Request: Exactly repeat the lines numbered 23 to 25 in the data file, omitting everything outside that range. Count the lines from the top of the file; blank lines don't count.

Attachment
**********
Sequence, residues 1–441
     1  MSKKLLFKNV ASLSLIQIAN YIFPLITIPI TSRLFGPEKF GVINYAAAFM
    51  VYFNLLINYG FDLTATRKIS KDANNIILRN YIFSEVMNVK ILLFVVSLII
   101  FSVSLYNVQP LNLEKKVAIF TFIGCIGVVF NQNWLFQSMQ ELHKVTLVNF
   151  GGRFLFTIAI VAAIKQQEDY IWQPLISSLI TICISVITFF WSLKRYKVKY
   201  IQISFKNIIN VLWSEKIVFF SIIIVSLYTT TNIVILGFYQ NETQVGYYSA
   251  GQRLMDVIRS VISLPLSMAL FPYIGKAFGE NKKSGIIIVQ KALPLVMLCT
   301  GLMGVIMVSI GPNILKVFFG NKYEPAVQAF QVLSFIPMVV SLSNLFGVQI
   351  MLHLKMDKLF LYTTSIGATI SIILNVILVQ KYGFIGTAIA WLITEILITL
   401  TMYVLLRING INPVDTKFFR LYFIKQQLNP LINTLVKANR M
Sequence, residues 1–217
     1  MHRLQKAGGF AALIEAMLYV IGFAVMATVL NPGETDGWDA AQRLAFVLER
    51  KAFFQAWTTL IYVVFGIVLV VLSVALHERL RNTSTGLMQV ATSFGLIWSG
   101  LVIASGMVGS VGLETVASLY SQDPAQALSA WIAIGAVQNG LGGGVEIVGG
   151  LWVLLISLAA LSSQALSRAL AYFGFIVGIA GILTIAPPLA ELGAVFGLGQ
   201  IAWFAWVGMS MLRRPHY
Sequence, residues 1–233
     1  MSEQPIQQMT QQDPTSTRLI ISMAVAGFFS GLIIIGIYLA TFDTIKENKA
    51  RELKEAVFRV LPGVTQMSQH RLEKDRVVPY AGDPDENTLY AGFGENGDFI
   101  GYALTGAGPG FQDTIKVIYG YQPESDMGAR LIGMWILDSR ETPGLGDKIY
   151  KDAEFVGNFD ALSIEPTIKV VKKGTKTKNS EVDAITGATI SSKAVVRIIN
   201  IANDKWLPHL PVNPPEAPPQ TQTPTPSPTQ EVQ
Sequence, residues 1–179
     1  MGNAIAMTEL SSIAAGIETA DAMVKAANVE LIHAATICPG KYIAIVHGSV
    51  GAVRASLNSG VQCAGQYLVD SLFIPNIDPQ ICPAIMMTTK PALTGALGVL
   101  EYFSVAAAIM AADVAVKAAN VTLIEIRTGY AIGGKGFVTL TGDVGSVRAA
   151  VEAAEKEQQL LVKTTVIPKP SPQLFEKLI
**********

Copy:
Sequence, residues 1–179
     1  MGNAIAMTEL SSIAAGIETA DAMVKAANVE LIHAATICPG KYIAIVHGSV
    51  GAVRASLNSG VQCAGQYLVD SLFIPNIDPQ ICPAIMMTTK PALTGALGVL